Energy firms led a sell-off in most Asian equity markets on Tuesday while confidence remains fragile owing to ongoing fears of a global trade war.
After hitting three-and-a-half-year highs at the start of the month, crude has dropped almost 10 percent as it is hit by a perfect storm of issues that have fuelled fears of a glut.
Brent crude recovered in Asian trade Tuesday after plunging more than 4 percent to three-month lows on concerns over increased production and reports the US could tap into strategic reserves.
The black gold had closed decisively lower in New York on worries of excess supply, with reports that Saudi Arabia is looking to increase production.
Speculation that US President Donald Trump could seek increased production from oil cartel OPEC and tap into the Strategic Petroleum Reserves to push down gasoline prices, sent oil plummeting.
Both Brent crude and US benchmark West Texas Intermediate fell more than 4 percent Monday, with the former hitting three-month lows of below $72 a barrel.
In early Asia trade Tuesday, WTI was back up 3 cents to $68.09 and Brent crude was up 45 cents to $72.29.
After withdrawing from the Iran nuclear deal in May, the US said it would reinstate sanctions on the oil-producing nation, and warned other countries to stop purchasing Iranian exports including crude.
“The big news… was that US Treasury Secretary Steve Mnuchin said the US wants everyone to go to zero Iranian imports but that exemptions could be made for those who can’t get there by the deadline,” said AxiTrader chief market strategist Greg McKenna in a note to clients.
Following a massive global supply glut, prices had been propped up in recent months by a production cap agreement led by oil cartel OPEC and Russia, but this has since been scaled back.
Traders will now be looking towards data from industry group the American Petroleum Institute, due later Tuesday, for an indication of US crude stockpiles.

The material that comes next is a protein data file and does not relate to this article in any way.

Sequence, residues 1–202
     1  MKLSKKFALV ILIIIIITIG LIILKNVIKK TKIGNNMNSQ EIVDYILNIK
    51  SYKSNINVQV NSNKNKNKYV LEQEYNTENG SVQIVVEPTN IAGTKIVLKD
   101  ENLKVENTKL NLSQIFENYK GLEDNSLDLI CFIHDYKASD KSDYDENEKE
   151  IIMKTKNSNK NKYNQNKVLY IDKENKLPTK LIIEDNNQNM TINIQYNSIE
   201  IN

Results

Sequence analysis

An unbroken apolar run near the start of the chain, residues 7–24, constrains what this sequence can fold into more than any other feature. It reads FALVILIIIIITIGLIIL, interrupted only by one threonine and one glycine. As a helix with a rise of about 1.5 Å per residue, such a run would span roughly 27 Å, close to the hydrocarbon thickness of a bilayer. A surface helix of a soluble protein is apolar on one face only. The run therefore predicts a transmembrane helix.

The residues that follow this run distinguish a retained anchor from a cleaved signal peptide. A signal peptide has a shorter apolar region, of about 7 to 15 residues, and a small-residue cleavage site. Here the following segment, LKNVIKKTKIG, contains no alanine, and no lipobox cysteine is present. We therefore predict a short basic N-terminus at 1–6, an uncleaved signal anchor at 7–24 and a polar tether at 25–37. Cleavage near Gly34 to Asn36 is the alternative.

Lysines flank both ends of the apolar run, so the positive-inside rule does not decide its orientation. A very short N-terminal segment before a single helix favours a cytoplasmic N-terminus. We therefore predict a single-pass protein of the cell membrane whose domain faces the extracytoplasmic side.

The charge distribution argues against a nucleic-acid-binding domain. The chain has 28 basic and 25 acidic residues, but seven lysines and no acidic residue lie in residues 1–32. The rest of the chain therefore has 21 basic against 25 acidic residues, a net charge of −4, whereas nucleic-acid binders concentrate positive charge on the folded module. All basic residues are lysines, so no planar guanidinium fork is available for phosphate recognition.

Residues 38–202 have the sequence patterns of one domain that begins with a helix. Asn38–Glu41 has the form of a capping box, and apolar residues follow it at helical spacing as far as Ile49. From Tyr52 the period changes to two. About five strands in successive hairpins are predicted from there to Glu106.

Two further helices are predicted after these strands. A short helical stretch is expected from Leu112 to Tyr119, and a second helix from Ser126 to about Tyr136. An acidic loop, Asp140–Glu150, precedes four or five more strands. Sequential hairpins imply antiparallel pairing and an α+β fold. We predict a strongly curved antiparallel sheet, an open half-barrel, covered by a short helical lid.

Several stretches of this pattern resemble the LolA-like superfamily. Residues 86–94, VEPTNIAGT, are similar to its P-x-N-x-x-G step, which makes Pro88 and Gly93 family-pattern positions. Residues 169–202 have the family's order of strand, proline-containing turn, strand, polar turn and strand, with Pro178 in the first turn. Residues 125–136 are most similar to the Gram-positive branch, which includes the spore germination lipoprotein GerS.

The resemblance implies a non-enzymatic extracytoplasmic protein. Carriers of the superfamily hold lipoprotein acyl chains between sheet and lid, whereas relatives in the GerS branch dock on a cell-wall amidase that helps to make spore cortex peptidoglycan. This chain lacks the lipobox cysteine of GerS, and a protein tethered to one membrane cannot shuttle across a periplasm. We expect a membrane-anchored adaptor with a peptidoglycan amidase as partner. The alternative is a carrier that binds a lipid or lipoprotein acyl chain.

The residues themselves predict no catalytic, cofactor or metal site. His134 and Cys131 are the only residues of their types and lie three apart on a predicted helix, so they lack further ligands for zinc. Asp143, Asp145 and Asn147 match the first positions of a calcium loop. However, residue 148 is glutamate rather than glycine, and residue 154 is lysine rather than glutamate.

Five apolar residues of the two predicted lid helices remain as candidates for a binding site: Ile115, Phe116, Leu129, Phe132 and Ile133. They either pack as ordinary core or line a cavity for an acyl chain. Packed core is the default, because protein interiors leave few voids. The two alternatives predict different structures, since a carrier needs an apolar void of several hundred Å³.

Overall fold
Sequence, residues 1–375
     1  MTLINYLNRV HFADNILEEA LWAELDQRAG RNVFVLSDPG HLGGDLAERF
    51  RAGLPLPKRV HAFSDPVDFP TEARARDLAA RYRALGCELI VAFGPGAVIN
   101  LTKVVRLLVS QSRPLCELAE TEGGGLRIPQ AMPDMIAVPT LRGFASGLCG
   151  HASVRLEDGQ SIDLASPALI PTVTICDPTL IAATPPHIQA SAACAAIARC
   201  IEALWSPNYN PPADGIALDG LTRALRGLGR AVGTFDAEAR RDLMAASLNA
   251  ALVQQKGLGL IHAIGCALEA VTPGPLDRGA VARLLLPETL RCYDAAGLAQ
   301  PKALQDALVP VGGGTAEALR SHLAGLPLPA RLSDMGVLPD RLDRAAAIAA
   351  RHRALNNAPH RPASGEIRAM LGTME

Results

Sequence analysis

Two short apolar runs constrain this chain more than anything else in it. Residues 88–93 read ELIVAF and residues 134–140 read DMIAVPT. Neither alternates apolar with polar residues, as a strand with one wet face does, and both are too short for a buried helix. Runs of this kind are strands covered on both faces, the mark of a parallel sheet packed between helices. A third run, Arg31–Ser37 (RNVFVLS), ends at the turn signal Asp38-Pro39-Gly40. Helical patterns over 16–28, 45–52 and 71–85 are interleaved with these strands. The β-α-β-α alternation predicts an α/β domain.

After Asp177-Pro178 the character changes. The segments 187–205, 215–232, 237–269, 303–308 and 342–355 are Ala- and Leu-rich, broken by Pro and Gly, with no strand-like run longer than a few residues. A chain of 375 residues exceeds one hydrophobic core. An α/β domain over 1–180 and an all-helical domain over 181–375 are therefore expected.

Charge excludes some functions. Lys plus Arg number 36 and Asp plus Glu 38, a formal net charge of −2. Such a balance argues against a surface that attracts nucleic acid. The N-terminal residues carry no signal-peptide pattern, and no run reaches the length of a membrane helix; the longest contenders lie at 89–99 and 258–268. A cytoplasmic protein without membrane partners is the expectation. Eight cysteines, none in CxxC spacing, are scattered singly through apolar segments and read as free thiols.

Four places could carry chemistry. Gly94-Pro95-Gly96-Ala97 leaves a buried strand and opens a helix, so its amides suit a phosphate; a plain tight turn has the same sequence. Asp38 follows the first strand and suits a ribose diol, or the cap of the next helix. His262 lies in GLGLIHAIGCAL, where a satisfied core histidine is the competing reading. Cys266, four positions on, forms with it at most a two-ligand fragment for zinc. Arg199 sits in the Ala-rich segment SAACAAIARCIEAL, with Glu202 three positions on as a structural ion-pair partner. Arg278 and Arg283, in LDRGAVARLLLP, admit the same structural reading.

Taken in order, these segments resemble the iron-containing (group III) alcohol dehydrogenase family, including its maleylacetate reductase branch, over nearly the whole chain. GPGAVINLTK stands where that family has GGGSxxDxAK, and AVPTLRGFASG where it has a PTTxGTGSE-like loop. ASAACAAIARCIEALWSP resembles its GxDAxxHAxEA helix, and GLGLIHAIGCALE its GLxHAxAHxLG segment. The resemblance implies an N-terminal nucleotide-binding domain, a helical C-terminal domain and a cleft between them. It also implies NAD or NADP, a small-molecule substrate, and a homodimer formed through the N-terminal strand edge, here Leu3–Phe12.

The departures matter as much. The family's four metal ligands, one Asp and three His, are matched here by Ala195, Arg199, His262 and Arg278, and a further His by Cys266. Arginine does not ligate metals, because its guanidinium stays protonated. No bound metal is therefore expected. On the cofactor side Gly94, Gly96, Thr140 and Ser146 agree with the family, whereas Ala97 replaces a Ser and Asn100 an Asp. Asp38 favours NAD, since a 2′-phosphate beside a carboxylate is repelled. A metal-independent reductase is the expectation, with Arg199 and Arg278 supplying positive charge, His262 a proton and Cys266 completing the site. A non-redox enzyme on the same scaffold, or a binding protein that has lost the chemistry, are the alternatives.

“The sweeping slew of bearish signals has wholly eroded market sentiment,” said OANDA head of Asia-Pacific trading Stephen Innes.
Worries about the impact on demand caused by a possible trade war between the US and China took their toll last week, as did news that Libya was exporting again after recent oil field closures. That all came just weeks after major producers Saudi Arabia, Russia and OPEC agreed to lift a 2016 ceiling that had supported prices.
The latest spark for selling came Monday on reports the US may tap its Strategic Petroleum Reserve to lower prices and speculation Riyadh was considering increasing output for some Asian countries.
Also Monday US Treasury secretary Steven Mnuchin indicated the Trump administration could allow some exceptions to a ban on purchases of Iranian oil.
“It very much seems like a continued reaction to potential supply increases,” Bart Melek, head of global commodity strategy at TD Securities in Toronto, told Bloomberg News.
“The combination of the supply-side effect and the potential for less demand as a result of trade woes that we’re seeing are prompting people to take some of the long bets off oil right now.”
Both main contracts tumbled more than four percent Monday, though they saw some minor increases in Asia.
– IMF trade warning –
The losses filtered through to energy firms with CNOOC and PetroChina down more than three percent in Hong Kong, while Woodside Petroleum was more than two percent off in Sydney and Tokyo-listed Inpex lost more than one percent.
Broader stock markets were also mostly down with Hong Kong 1.1 percent lower, Shanghai one percent off and Sydney 0.4 percent lower. There were also losses for Seoul, Wellington, Taipei and Singapore.
However, Tokyo — which was closed for a holiday Monday — rose 0.6 percent by the break thanks to a weaker yen.
Ongoing fears about a China-US trade war continue to nag investors, with both sides filing counter-complaints at the World Trade Organization after recently imposing and threatening further tariffs on billions of dollars worth of goods.
And on Monday the International Monetary Fund warned about the effects of a stand-off between the world’s two economic superpowers.
“The risk that current trade tensions escalate further — with adverse effects on confidence, asset prices, and investment — is the greatest near-term threat to global growth,” IMF chief economist Maurice Obstfeld said.
Attention is now on the start of the corporate earnings season, with hopes strong reports will deflect from the trade war, while Federal Reserve chief Jerome Powell is to give two days of congressional testimony from Tuesday.